There have been whispers of Suresh Raina losing focus on the game, being lax about his fitness and spending more time with the family then on the practice wickets. Recently, the BCCI gave him a reality check by dropping him from Central Contracts list. In a freewheeling chat Raina tells The Indian Express that he still is as passionate as ever about cricket and it was his daughter’s illness and his own ill-health that made him take a break from the game.
Are you thinking about life after cricket already?
“Nahi nahi,meiney aisa kuch nahi socha.. aap soch rahe ho kya?!” And Suresh Raina laughs. Times are indeed strange when a 30-year old is asked about his end-days but the last couple of months have been indeed awkward for Raina.
He didn’t find a place in central contracts of the Indian cricket board and a news report had a quote from an anonymous coach from his state Uttar Pradesh saying he is a reluctant cricketer these days and that his focus has shifted so much into his family that he isn’t interested in the game. That was the context for the question, and his fans would appreciate it being shot down by Raina.
‘Nurtured by my mother, found true love in my wife and understood real meaning of life with my daughter. I’m blessed. Happy #WomensDay’
For more awww-ness go to his twitter feed or better a fan page that tweets out his 11-month old daughter Gracia’s pictures. Life should be blissful – a close family, a cute daughter – and it probably is, but something or other seems to be happening in his cricketing life that drags him into blues. Or so it seems from the outside. Prod him, though, and he denies that all these stuff – contracts, reports about his alleged disinterest in game, bothers him too much but it has to leave residues.
“Logon ka kaam chahiye bolne ka – aisa hai, waisa hai,” he says. “I have to take my daughter to hospital, I have to do the work at home and I can’t see how people can criticise me for that? Bahar ka banda nahi aayega na yeh sab karne?”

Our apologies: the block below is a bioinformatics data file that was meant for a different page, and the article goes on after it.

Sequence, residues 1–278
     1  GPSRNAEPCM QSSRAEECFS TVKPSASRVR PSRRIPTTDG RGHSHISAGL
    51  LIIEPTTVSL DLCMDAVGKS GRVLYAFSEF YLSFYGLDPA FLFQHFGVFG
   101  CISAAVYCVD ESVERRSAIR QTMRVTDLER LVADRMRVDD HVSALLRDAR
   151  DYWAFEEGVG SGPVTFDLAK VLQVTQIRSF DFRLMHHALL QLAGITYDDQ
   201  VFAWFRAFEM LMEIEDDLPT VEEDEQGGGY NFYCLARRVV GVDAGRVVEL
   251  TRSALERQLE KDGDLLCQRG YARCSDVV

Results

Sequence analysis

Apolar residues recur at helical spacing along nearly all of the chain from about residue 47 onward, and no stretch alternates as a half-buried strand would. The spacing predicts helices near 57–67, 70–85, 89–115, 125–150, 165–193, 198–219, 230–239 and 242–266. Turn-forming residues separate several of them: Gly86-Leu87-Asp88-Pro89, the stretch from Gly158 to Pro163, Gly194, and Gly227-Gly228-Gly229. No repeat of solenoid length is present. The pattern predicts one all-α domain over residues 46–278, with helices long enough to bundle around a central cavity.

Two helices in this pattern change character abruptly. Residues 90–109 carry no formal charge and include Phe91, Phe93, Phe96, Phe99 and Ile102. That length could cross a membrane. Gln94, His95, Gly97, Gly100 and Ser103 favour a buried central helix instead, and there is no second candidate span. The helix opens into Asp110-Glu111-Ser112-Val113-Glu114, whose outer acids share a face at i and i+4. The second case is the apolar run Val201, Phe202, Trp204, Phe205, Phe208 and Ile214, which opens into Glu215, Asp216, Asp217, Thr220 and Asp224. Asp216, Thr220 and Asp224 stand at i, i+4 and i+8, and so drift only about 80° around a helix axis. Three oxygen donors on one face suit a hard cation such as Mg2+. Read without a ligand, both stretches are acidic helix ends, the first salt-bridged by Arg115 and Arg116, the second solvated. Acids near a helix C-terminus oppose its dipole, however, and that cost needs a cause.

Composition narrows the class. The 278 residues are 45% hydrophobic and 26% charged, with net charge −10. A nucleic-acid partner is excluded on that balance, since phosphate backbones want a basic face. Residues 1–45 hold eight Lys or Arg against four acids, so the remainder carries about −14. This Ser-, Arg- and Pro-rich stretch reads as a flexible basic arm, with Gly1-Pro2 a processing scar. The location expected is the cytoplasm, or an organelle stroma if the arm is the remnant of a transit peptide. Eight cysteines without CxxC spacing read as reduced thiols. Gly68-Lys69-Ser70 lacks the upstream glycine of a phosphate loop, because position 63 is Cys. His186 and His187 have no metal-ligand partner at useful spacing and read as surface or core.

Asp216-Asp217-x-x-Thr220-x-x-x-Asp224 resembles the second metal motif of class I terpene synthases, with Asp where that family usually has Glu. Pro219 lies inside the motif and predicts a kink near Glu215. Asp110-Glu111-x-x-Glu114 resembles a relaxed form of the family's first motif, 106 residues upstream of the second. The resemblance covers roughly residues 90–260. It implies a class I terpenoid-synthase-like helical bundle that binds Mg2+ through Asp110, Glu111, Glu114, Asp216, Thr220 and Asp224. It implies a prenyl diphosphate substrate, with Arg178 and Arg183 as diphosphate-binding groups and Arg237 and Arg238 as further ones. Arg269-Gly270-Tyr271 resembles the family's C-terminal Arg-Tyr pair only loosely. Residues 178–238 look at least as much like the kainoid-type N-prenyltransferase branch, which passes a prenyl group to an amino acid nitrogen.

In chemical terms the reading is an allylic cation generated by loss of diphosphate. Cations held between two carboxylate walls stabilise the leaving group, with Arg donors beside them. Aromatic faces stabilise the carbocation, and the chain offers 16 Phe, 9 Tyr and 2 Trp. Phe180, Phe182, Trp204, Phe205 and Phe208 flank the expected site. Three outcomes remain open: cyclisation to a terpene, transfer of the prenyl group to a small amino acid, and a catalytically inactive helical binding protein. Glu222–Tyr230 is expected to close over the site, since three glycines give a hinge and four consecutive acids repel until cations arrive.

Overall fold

His daughter Gracia, he says, wasn’t all that well and it had come on the back of his own illness – flu and chicken pox, which had left him miss out games in domestic cricket. “I had informed my state selectors and BCCI. And I had to pull out after playing few Ranji games and Duleep. If I don’t take care of my young daughter or get some work done at home, who will?
“It was a testing couple of months, and I had to miss out on cricket but circumstances were such – my health and my daugther’s. If that leads to criticism, then what can I say? Any family man can hopefully understand it – take bollywood for example: Shahid Kapoor took a decision to not act for 6 months after the birth of his daughter. Even Harbhajan Singh also took some time out with his new born daughter. All this can’t be criticised but logon ka kaam hai, kehna.”
Why are you fat Raina?!
Just as he takes a breather about family-man accusation, you fire the next barb, again something that has been murmured about here and there. Raina laughs again. “Arre! I was out for viral and illness, and couldn’t train much. It all had an effect but I am fully recovered now and started training. I am fit and ready to play IPL. Tabiyat kharaab tha, bhai, couldn’t train properly and logon ney shuru kar diya!”